What is Centralism?
Defined by digopaul, centralism is a form of government that is characterized by a central power that brings together all the powers of the State and the necessary powers to create laws that affect the rest of the country.
Centralism is common in Ibero-American countries, influenced by Seville’s centralism, which at that time was the province that decided on the rest. In this sense, centralism is that political system that brings together decision-making in a central power without granting autonomy or sovereignty to the other states.
Centralism in Mexico
After Spain’s withdrawal from Mexican territory, the country’s organization is divided into conservatives and liberals for the creation of the new Republic. In this sense, the conservatives support centralism wanting to establish a central republic and the liberals unite for federalism in a federal republic.
Centralism and federalism
In this political conflict, Mexico goes through a first liberal federalist Constitution in 1824 that is later suppressed and replaced by the conservative and centralist Constitution of 1835. In this way, the first Mexican centralist Republic imposed by Antonio López de Santa Anna became a dictatorship until 1854, when the first discontent with the Ayutla Revolution was unleashed, demanding a liberal reform.
Characteristics of centralism
The Mexican centralism reflected in the first centralist Republic of 1835 and preceded by Antonio López de Santa Anna, suppresses the 1824 Constitution of a liberal and federalist nature. The Constitution of 1835 is characterized for being the first Republic of centralism.
“The seven laws of centralism” meets the characteristics that Mexico will take in the years after its establishment. They are:
- The Central Republic as a form of government
- States lose their autonomy by safeguarding limited powers
- The official religion is Catholic
- The 3 powers of the state are: the executive, the legislative and the judicial.
- Added the fourth power called Supreme conservative power that is made up of 5 people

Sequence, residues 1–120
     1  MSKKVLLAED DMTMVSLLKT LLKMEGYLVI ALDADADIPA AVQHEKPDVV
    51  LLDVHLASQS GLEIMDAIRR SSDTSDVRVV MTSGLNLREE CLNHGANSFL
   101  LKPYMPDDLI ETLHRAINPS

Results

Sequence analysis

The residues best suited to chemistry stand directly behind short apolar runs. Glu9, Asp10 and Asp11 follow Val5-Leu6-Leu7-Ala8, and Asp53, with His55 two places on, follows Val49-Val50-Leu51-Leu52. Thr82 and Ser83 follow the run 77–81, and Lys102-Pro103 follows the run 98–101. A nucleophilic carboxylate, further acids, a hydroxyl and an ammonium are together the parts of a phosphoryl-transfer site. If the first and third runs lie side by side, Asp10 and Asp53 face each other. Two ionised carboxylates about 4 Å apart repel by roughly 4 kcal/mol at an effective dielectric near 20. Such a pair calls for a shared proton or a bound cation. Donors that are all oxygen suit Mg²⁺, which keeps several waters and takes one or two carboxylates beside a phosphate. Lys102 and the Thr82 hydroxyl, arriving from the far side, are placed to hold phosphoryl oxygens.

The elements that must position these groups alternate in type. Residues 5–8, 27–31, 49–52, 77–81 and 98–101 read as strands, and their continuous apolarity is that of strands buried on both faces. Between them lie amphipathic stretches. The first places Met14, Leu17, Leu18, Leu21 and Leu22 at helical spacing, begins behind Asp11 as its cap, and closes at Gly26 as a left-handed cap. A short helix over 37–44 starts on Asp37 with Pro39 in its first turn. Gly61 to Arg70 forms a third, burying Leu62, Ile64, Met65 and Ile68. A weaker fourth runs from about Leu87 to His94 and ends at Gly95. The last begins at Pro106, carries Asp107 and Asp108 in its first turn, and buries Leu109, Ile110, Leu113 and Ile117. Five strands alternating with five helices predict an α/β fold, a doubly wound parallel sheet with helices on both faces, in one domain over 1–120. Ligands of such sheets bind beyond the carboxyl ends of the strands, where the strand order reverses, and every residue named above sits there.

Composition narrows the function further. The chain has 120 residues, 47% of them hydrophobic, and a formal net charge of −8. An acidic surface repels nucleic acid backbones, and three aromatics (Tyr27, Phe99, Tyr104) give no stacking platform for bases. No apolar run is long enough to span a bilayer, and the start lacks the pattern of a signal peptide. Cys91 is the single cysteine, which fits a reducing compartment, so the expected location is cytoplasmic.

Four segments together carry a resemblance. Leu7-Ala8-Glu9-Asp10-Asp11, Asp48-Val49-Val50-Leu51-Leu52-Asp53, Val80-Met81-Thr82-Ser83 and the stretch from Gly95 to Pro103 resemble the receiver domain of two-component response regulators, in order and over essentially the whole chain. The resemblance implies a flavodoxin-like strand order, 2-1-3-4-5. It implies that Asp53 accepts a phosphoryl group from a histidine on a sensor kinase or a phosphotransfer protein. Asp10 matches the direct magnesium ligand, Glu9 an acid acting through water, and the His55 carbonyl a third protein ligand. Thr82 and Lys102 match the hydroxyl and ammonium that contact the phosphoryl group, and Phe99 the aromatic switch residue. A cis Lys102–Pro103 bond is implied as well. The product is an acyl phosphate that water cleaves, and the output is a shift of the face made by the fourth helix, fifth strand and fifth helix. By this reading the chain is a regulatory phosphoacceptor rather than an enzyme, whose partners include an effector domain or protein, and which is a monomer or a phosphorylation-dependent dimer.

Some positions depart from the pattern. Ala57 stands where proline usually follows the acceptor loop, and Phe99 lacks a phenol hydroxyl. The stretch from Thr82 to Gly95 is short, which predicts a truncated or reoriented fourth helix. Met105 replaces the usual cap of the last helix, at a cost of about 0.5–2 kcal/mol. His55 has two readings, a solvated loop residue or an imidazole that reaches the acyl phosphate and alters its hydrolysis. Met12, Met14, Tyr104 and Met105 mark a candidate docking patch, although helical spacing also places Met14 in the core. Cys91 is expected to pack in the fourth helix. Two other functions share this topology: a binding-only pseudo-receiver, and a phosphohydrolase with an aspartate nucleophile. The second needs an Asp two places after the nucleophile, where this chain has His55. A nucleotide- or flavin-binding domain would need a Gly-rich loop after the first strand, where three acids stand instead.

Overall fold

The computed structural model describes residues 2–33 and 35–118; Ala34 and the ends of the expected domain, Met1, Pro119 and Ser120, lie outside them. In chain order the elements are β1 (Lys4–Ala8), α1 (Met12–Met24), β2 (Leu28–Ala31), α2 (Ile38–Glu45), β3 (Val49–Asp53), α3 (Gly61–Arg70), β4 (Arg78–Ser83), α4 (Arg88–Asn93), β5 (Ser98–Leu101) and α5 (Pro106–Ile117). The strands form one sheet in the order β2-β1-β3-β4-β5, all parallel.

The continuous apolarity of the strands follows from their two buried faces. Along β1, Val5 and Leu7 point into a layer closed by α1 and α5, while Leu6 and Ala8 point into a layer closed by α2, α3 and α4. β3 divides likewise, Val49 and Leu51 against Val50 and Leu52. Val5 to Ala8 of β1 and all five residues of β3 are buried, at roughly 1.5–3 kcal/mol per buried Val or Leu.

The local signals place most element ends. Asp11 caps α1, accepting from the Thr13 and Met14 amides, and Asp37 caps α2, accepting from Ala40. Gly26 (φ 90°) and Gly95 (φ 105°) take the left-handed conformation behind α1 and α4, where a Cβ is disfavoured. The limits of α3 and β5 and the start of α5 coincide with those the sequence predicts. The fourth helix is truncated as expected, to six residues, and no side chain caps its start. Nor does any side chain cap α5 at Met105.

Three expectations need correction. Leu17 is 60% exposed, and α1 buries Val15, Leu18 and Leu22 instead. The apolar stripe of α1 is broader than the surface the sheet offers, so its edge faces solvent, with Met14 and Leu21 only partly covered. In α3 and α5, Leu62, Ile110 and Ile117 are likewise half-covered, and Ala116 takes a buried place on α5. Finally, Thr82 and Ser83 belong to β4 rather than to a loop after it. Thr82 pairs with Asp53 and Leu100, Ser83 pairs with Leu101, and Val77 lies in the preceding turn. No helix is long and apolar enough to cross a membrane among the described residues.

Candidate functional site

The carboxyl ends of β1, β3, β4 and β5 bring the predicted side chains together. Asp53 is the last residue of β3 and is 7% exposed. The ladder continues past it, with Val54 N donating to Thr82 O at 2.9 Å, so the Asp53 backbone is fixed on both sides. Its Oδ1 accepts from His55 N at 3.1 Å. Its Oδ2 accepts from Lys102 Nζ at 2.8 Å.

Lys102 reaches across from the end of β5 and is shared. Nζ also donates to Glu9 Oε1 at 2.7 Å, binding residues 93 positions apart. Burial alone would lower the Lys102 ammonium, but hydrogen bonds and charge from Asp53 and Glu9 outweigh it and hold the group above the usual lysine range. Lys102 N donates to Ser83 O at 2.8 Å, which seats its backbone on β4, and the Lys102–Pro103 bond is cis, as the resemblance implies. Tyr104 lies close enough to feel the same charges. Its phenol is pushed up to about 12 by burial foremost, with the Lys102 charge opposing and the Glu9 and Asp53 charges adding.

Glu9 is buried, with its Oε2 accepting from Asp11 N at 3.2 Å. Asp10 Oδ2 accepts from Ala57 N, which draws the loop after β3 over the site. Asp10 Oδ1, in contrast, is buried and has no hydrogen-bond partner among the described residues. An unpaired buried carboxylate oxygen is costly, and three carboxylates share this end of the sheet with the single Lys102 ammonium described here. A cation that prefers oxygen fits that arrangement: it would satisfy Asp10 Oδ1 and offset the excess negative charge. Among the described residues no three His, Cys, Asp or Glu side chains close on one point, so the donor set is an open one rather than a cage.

- The presidency is 8 years
- Citizen freedoms are restricted
Centralism and dictatorship
Mexican centralism occurs when the first centralist Republic was established in 1835 when Antonio López de Santa Anna returned to power. The Constitution of “The seven centralist laws” is established and together with the establishment of the second centralist Republic in 1843, Santa Anna begins his dictatorship.
Only after the Ayutla Revolution in 1854 did the first steps towards Mexican liberal reform begin to be seen.
Difference between centralism and federalism
The main difference between centralism and federalism lies in the autonomy and sovereignty of the different states that make up the country. In Mexico, for example, the first federal republic is reflected in the 1924 Constitution, which determines that all states are free, while the first central republic with the 1835 Constitution, also called the “Seven Centralist Laws”, was they restrict the powers of states subject to central power.
Democratic centralism is a political ideology for the organization of political parties proposed in the thoughts of Karl Marx (1818-1883) and Lenin (1870-1924). Democratic centralism is that the political decisions of a party are made by democratically elected bodies for all party members.